All across Linkin Park’s catalog, Chester Bennington self-examined his struggles with depression, addiction, and the horrifying hardships of his childhood and he cut his heart wide open and put his insecurities out there for millions of people to hear: that is what I define as bravery. How many of us are still searching for “Somewhere I Belong,” that place, idea, and sense of inner peace that Bennington strove for, sang about, and unleashed with every ounce of oxygen and anguish in his lungs.

Linkin Park’s legacy is one-of-a-kind: they merged together the most emotionally riveting dynamics of heavy metal, hip-hop, pop, and industrial into this groundbreaking display of alternative musical elegance. Listeners from across the world – fans of all different genres and backgrounds represent Linkin Park’s fanbase, possibly the greatest display of musical diversity and unity in the history of modern music. Let us never forget this miraculous accomplishment and may future artists continue to strive for unifying listeners of all backgrounds in a fashion reminiscent and in honor of Linkin Park.

Even worse, I cannot imagine the level of grief that Chester’s bandmates are feeling at this very moment. I want to express my sincerest condolences to Mike Shinoda, Brad Delson, Dave Farrell, Rob Bourdon, and Joe Hahn. It breaks my heart to know the emotional pain they will endure for the rest of their lives. There always seemed to be a friendship and brotherhood at the core of Linkin Park that was easily identifiable, relatable, and transparent to their fans. These guys cared for one another and their history wasn’t clouded with the immaturity and bad blood often seen by bands of their stature like Guns N’ Roses and Van Halen.

According to reports, an unidentified bandmate allegedly arrived at Chester’s house to pick him up only to find police cars sitting outside of his home. As a musician, the thought of this situation – learning about the death of your bandmate in this setting makes me absolutely sick to my stomach. The band was supposed to have a photoshoot today, July 21, and start a massive tour next week – a tour I planned on attending.

I also have to confront this subject – within the last year, Chester Bennington received so much negative backlash over the musical direction of Linkin Park’s latest LP One More Light. It felt like he was constantly bombarded with harsh criticism on Twitter from “fans” that took out their personal anger and insecurities towards someone they don’t personally know and an artist who truly owed them nothing. And this is just beyond disgraceful – so many people have been disgustingly insensitive towards his passing. Let this be a lesson to choose your words wisely and watch what you say to those around you, let alone complete strangers and supposed “idols” of ours. How many times must we, as a society, repeat this message about cyber bullying? You never know how your words can affect someone. Verbal abuse is abuse, point blank. It is literally the circle of life; artists will grow and evolve over the course of their career. Listeners need to get over it and more importantly, in today’s digital age, get over themselves. The older material does not miraculously vanish and will always be there if that is what you have personally enjoyed.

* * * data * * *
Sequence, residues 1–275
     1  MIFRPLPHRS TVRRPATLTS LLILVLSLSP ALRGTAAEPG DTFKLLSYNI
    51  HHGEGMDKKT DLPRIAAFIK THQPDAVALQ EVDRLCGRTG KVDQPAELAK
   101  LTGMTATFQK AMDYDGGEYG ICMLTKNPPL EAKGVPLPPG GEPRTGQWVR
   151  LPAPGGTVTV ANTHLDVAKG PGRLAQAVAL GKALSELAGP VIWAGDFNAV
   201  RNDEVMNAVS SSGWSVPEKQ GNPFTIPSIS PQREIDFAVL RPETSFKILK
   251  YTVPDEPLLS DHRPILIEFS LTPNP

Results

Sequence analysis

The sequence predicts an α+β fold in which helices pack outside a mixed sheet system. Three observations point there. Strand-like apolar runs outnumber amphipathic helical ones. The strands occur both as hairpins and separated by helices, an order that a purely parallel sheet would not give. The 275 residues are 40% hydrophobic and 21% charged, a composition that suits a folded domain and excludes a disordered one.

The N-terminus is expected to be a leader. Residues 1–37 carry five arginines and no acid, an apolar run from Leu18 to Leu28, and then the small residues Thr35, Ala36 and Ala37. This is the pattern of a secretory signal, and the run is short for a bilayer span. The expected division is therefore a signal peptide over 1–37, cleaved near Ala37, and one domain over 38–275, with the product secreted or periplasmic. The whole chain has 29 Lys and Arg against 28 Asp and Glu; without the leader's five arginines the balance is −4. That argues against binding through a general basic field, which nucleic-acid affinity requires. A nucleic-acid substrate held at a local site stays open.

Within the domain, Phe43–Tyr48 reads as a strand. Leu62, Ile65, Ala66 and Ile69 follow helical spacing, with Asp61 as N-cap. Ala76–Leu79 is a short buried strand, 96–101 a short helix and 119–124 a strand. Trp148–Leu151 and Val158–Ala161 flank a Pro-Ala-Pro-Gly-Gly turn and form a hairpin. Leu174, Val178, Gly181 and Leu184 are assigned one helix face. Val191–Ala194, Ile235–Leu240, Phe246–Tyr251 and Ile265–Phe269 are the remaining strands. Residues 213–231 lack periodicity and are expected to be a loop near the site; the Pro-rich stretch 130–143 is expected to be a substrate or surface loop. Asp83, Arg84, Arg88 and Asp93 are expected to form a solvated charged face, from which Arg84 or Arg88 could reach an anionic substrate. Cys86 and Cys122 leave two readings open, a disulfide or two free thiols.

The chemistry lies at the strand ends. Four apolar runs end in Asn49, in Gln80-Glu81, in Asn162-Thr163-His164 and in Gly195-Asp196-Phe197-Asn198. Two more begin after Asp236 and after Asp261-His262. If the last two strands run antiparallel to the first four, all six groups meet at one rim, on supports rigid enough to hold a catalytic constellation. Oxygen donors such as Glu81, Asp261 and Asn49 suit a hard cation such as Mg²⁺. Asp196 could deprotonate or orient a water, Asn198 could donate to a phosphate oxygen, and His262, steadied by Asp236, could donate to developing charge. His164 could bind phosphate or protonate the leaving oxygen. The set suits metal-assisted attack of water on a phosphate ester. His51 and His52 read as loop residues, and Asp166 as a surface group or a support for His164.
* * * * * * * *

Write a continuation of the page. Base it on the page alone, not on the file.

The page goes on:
Chester Bennington Carnivores Tour
Chester Bennington singing with Linkin Park at The Carnivores Tour at the PNC Bank Arts Center in 2015. Photo Credit: Jesse Murch/The Pop Break

Over the next few months, do not take your favorite artists for granted: listen to their catalogs, appreciate the emotional effects of their artwork, and check out their live shows if they happen to be on tour. Those who grew up in the era of Linkin Park, be grateful and take a moment to thank the likes of Jonathan Davis, Brandon Boyd, Lajon Witherspoon, and Corey Taylor who possess the innovative drive, unique individuality, and genre defining voices just like Chester Bennington.

To quote Chris Cornell’s words in “Say Hello 2 Heaven,” “I never wanted to write these words down for you.” When I reflect back on Chester Bennington’s legacy, the image of seeing Linkin Park live in 2014 and witnessing this otherworldly scream pierce through the venue during “Rebellion” – one of my personal favorite tracks in their catalog – will stay with me forever. This man truly took such great pride in his family, friends, and songwriting. I am praying for his loved ones.

To Chester Bennington, thank you so much for creating a timeless catalog of music that helped me persevere through some of the biggest mental and physical hurdles of my life. Thank you for changing the world with your music and helping so many people not feel alone in their pain. Your heartfelt honesty in your lyrics will continue to strengthen us and make us better for generations to come.